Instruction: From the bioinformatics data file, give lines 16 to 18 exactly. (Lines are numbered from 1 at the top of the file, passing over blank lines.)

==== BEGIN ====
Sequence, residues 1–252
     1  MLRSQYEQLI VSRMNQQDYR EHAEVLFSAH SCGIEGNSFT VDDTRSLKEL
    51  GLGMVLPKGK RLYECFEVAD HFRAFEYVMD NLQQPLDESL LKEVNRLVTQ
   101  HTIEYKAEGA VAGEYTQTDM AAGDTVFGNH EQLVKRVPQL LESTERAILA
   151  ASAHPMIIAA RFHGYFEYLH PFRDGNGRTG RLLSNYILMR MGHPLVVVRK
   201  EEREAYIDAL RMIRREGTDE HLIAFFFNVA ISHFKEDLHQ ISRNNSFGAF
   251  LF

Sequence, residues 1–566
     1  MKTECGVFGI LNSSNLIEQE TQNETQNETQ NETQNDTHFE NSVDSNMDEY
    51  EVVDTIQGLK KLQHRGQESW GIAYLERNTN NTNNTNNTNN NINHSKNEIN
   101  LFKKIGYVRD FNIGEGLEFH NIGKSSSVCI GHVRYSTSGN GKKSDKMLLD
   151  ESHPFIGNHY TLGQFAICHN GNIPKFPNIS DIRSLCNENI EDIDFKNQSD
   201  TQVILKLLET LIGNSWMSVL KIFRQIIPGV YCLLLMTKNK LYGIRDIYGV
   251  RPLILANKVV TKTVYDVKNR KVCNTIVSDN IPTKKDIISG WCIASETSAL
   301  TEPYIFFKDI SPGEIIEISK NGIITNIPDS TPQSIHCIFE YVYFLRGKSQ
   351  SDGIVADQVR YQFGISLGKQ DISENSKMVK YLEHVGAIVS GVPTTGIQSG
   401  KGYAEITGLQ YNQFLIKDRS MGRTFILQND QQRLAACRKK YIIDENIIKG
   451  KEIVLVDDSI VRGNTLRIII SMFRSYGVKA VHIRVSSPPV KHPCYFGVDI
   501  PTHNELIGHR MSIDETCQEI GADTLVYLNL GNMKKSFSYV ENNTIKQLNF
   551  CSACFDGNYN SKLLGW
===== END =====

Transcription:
   351  SDGIVADQVR YQFGISLGKQ DISENSKMVK YLEHVGAIVS GVPTTGIQSG
   401  KGYAEITGLQ YNQFLIKDRS MGRTFILQND QQRLAACRKK YIIDENIIKG
   451  KEIVLVDDSI VRGNTLRIII SMFRSYGVKA VHIRVSSPPV KHPCYFGVDI